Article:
Ultrathin Gold Nanoparticle Superlattices for Nanophotonics

Ultra thin layer of hydrogel beads with gold particles transferred to a glass slide. (Photos: HHU / Christoph Kawan)

In the group of Prof. Dr. med. Matthias Karg at the Institute of Physical Chemistry of Heinrich-Heine-University Düsseldorf (HHU) produces ultrathin, highly ordered layers of hydrogel spheres that enclose gold or silver particles. These structures are of interest for applications in optoelectronics – information and communication technology based on light and nanophotonics. The researchers publish the results of an important step in the direction of so-called “plasmonic nano-lasers” in the latest issue of the journal ACS Applied Materials & Interfaces.

Preparation of the Layer Structure (from the Above): First, a solution of the hydrogel beads with the gold particles contained therein is carefully applied to a water surface. In an instant, this forms an ultrathin, shimmering layer, which can then be lifted off with a glass slide.

The working group “Colloids and Nanooptics” around Prof. Dr. med. Matthias Karg at the Institute of Physical Chemistry has developed a simple yet precise technique for developing highly ordered particle layers. They use tiny, soft and deformable polymer spheres with a hydrogel-like structure. Hydrogels are water-swollen three-dimensional networks. Such structures are known for example from superabsorbents in baby diapers, which are able to bind large amounts of water.

Within these spheres are tiny, only a few nanometers large gold or silver particles, the Kargs team manufactures itself at the HHU from salts of metals in a reduction process. “We can adjust the size of the gold particles very precisely, because the hydrogel shells are permeable to dissolved metal salts, which makes a subsequent overgrowth of the gold nuclei possible.” The structure of these core-shell particles can be compared with a cherry. Here is a hard core surrounded by soft pulp. However, the particles from the laboratory are about one hundred thousand times smaller.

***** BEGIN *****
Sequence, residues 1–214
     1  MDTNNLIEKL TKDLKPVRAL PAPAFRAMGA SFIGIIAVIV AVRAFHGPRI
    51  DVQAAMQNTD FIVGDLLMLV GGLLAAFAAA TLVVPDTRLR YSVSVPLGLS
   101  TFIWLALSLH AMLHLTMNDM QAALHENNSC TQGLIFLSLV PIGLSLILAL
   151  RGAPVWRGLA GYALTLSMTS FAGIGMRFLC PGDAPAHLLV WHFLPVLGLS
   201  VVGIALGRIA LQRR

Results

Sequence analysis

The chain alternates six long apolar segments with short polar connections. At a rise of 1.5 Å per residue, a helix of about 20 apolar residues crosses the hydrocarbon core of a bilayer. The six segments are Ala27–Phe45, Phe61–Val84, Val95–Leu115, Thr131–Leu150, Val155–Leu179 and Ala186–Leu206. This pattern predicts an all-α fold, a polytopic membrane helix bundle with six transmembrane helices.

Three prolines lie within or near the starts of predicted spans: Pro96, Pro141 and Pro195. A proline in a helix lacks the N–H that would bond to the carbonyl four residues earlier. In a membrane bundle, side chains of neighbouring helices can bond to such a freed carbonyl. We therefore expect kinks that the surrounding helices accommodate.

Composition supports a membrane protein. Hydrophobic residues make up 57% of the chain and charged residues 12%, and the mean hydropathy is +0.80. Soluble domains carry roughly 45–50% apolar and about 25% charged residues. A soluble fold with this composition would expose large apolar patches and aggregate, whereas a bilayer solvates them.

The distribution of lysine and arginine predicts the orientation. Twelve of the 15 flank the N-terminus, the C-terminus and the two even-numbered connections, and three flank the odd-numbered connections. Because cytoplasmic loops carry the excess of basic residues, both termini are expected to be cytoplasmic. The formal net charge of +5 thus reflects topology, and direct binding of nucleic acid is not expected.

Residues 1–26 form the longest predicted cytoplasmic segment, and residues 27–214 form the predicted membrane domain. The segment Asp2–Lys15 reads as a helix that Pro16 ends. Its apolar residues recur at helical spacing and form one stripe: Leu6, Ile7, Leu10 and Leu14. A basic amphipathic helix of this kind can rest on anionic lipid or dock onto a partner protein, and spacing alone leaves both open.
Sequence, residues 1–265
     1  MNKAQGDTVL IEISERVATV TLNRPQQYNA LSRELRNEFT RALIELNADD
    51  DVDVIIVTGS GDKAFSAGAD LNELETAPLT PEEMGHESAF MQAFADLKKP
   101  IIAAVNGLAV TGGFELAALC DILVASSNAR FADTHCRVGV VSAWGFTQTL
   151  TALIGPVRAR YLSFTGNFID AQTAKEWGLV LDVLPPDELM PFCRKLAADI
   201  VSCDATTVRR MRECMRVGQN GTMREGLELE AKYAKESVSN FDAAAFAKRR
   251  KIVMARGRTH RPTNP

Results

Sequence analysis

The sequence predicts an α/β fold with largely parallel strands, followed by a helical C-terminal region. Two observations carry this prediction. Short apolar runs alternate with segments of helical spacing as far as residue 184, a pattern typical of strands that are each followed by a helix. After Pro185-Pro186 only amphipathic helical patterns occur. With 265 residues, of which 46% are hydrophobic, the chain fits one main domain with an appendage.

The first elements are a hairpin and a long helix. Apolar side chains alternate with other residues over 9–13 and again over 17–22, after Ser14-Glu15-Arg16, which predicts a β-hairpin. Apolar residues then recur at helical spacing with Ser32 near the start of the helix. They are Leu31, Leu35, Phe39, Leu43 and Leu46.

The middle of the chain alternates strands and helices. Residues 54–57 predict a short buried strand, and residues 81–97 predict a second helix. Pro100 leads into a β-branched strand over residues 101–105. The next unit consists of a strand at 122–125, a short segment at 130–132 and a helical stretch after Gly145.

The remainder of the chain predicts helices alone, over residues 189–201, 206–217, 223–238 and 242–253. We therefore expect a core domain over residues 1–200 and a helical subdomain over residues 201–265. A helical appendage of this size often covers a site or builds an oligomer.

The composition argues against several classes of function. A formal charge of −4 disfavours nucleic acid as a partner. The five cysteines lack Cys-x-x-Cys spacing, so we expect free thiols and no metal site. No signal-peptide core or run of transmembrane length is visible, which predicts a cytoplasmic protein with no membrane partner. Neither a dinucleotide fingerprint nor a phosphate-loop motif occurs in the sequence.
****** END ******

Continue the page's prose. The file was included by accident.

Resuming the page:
From a dilute solution of these hydrogel beads, the Dusseldorf can then produce thin layers. They put the beads on a water surface, on which a highly ordered and colorful iridescent layer forms by itself. This layer lifts them off the water surface with the help of glass carriers. Through this transfer to the glass shines now the entire glass carriers.

If you look at this layer under the electron microscope, you will see a regular hexagon pattern of small dots. “These are the gold particles in their shells,” explains doctoral student Kirsten Volk, “and we see that these lie in a single, highly ordered layer.” The gold particles provide the color of the layer: they reflect visible light of specific wavelengths interferes and thus gives a different color impression from different angles.

“These thin layers are very exciting for optoelectronics – that is, data transmission and processing using light. With them, it can also be possible to build miniaturized lasers, “says Prof. Karg. Such nano-lasers are only nanometers in size and thus represent a key technology in the field of nanophotonics.

In a study now published in the journal ACS Applied Materials & Interfaces, the Düsseldorf researchers have taken an important hurdle on the way to such nano-lasers. They were able to excite the gold particles to collective vibrations by externally irradiated light. So not every gold particle is excited individually, but all particles vibrate together. This common vibration is the basic requirement for the construction of lasers. The special feature of the published research results is that the particle layers can not only be built very easily and on large surfaces, but are also very thin.   

For optoelectronic applications and nanolaser, the vibrations in the thin layers must be further enhanced. Prof. Karg: “Next we will try to strengthen the suggestion by a targeted doping. In the long run, it could also be possible to realize electrically operable nano-lasers. “